Every time I've mentioned this game to friends, they've immediately replied, "Oh, you mean like Comic Zone?" So, apparently Unbound Saga owes a bit of a debt to that title (I've personally never played Comic Zone). Unbound Saga is a co-op 2D beat-em-up that takes place on the panels of a comic book. Enemies are hand drawn in each frame by a "creator," and the noises of your punches and slams are accompanied by words like "Bang!" and "Crunch!" written on the screen. Players have a surprisingly robust skill tree to work with, and it includes categories for combos, slams, talents, powers, and holds. The moves are fun and not overly-complicated to perform. Unbound Saga also features an interesting "meta" story between your character and the author of the comic!
Although Borderlands 2 introduces series darling Handsome Jack, there's just something special about the first Borderlands game. The silly quotes spoken by Brick, Roland, and Lilith as they traversed the world, the big splash screens that accompanied the introduction of certain characters (DR. ZED!), and the brilliant music by Cage the Elephant and DJ Champion that book-ended the experience. The guns in the first game just felt better to shoot for me than those in the second, and I felt more confident and capable playing Mordecai with the help of Bloodwing and my Pestilent Defiler revolver than I ever did in subsequent titles. In Borderlands 2, it seemed like more emphasis was put on the guns being quirky rather than effective. Anyway, Borderlands marked the beginning of a massive franchise, and is an excellent co-op FPS title on its own.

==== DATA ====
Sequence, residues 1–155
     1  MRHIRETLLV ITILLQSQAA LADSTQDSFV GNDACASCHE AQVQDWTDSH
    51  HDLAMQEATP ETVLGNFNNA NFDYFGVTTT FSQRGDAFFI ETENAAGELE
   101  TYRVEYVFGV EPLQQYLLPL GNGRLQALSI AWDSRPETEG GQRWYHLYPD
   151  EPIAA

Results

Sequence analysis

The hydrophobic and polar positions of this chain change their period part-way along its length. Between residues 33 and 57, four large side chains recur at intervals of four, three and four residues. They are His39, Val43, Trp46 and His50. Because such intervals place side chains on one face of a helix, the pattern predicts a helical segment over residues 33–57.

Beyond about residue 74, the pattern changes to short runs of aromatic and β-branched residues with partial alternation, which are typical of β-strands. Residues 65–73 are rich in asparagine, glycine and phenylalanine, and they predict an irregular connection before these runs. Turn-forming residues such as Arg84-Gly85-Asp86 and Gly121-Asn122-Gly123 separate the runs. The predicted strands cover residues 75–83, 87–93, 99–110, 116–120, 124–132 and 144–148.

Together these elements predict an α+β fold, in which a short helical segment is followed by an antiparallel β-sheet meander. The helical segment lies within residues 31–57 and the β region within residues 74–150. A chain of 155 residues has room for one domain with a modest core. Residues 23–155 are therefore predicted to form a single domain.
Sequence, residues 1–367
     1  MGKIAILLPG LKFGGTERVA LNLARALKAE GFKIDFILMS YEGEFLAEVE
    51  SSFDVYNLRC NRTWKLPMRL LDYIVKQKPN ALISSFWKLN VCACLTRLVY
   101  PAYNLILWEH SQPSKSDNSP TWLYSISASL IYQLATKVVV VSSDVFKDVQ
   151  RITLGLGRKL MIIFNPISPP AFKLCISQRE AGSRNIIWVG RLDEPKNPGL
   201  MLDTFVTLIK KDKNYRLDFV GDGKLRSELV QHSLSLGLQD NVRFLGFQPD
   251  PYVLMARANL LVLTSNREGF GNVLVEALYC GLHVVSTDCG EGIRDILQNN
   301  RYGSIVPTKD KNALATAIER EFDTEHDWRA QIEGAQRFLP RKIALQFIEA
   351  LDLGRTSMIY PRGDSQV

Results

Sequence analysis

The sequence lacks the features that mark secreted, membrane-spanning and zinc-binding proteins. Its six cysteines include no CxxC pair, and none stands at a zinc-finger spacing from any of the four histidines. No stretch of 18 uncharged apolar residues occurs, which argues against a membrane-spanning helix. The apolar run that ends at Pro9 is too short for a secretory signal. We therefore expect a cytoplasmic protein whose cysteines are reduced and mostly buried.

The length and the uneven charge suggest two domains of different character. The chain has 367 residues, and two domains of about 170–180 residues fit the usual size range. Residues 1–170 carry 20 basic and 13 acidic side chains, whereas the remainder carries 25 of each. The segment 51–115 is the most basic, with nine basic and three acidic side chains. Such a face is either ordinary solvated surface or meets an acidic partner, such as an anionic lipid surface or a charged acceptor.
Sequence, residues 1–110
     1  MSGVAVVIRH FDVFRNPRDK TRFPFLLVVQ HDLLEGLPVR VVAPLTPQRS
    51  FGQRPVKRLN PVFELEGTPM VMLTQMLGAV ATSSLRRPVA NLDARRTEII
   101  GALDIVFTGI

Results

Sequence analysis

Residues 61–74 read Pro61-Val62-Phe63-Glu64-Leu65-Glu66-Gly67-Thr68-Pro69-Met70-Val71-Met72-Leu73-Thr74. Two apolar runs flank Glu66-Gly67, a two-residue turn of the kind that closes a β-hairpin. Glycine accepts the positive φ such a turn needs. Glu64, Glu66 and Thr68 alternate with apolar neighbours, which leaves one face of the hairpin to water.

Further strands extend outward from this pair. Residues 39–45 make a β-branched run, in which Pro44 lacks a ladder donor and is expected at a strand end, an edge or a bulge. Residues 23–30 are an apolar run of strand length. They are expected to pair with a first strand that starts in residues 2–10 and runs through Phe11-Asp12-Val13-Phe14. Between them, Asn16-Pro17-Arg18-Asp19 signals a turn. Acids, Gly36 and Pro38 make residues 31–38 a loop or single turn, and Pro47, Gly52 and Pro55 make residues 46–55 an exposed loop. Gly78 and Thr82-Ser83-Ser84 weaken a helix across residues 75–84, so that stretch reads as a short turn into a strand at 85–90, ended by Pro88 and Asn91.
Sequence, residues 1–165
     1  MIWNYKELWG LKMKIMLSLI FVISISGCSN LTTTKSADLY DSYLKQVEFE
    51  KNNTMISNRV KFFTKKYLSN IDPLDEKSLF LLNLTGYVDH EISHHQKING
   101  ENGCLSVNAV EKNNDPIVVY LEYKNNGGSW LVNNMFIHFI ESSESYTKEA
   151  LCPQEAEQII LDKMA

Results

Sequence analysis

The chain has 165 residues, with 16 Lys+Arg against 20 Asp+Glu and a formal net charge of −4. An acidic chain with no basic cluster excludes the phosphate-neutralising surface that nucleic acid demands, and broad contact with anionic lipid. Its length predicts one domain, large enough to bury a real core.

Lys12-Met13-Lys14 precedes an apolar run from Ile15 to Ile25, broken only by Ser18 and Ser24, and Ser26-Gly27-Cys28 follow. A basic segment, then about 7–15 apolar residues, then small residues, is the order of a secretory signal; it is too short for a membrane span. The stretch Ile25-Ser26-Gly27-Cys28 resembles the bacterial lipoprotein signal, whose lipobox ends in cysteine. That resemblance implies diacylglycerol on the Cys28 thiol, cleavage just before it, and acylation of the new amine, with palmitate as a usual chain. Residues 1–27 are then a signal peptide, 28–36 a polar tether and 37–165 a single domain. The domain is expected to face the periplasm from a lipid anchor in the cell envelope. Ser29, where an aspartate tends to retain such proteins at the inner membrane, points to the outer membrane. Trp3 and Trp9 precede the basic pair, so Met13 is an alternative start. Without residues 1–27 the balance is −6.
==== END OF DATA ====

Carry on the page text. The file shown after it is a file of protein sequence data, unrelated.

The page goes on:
The "staccato" combat of Rocksteady's Arkham Asylum was just so influential. As more and more games attempted to emulate it, my friends and I referred to one game or another having "Batman combat" or something similar. You need to constantly pay attention to the enemies you're facing, as some will require a evade, some a cape stun, etc. As satisfying as this combat was, I likely enjoyed the predator sections that took place predominantly in "detective" mode even more, silently stringing up goons and terrifying your adversaries. Taken together, this melee and stealth combat, coupled with the gadgets and glide ability, really make the player feel like the Batman. The game also features a magnificent turn by Mark Hamill as the Joker, and includes many of Batman's signature foes, such as Poison Ivy, Bane, and Harley Quinn.